}

Example File Upload

The package Seaside-ExternalFileUpload contains an example component WAFileUploadExample that demonstrates “traditional” file uploads side-by-side with the new “external” file uploads. Here is the snippet for such an external file upload (i.e. where the upload is handled by the front-end web server NGINX):

html form
  multipart;
  fileUploadLocation: 'fileupload';
  with: [
      html externalFileUpload
          callback: [ :ef | file := ef ].
      html submitButton
          text: 'Upload file via front-end'
  ].

Like any form with a file upload field, you need to set it to be multipart. Next, you need to pass the fileUploadLocation, which is the location configured in NGINX to handle file uploads. In our case, this is fileupload, but you can choose any name you want for that location as long as you use the same name here and in the NGINX configuration. The file upload field tag is externalFileUpload (instead of fileUpload). The callback block of this field [ :ef | file := ef ] will be invoked with a WAExternalFile instance instead of a WAFile instance. A WAExternalFile contains the uploaded file’s filename, its content type and path on disk. From here on, it’s up to you what to do with the file. A good idea is to move the file to its proper location, for example.

The Seaside-ExternalFileUpload package is currently a preview package. It will evolve as we integrate it further, for example by adding support for the ajax file uploads (as they are part of Seaside 3.2) and the jQuery file upload plugin. More about this in upcoming posts.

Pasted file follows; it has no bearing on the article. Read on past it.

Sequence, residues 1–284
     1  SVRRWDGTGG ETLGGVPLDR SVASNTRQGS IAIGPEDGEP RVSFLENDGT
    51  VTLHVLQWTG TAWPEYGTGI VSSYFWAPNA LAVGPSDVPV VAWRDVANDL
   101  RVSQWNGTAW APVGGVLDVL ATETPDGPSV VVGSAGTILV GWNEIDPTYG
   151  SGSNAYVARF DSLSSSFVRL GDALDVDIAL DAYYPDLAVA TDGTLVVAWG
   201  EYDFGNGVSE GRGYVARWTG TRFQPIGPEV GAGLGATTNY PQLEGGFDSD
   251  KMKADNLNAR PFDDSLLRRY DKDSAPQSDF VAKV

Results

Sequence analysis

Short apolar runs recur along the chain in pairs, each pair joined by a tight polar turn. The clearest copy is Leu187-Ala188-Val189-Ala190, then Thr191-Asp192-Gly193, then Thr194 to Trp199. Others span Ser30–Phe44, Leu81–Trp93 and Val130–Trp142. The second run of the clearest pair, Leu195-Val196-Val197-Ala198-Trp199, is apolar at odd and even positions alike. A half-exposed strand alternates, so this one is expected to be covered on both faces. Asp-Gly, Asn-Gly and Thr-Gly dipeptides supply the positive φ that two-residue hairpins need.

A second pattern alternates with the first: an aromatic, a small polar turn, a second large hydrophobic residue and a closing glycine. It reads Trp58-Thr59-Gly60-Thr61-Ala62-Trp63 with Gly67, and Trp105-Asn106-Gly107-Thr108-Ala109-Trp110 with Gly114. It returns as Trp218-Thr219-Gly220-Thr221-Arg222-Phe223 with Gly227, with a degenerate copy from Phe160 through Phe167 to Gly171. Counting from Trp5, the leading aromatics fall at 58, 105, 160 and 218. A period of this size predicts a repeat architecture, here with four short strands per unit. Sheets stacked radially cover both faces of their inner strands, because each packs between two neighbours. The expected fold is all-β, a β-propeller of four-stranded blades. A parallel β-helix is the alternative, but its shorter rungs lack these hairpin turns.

Please contact us on the Seaside mailinglist in case you need help or for any additional comments and remarks.

February 04, 2016

Pharo Weekly - An example of debugging with moldable tools

Hi,

One thing we noticed over the past year since we introduced GT in Pharo is that people still tend to use these tools in a similar way classic tools were used. We think there is a more potential in these tools.

To change this, we would like to collect stories of how using these tools enabled a workflow that was otherwise not possible. To get this started, we will start to document more consistently some of the sessions, and we would like to get input from your as well. The idea is to create a catalog of tutorials that people can follow and get inspired from.

Let me start. I recently had to debug a small problem, and I ended up having an experience that I found beautiful:
http://www.humane-assessment.com/blog/debugging-duplicated-behavior-with-gtinspector/

What do you think?

Cheers,
Doru

Benoit St-Jean - Quelques moqueries!

Non, il ne s’agit pas d’un billet humoristique! Mais dans ce cas-ci, moquerie se veut la traduction imprécise (à dessein) du terme mock, qui signifie plutôt simulacre dans le cas qui nous occupe.

Un mock, c’est un outil comme un autre.  Même si parfois j’ai l’impression qu’on surévalue grandement son utilité.  En 20 ans de Smalltalk, je n’ai eu qu’à travailler avec des mocks seulement 2 fois!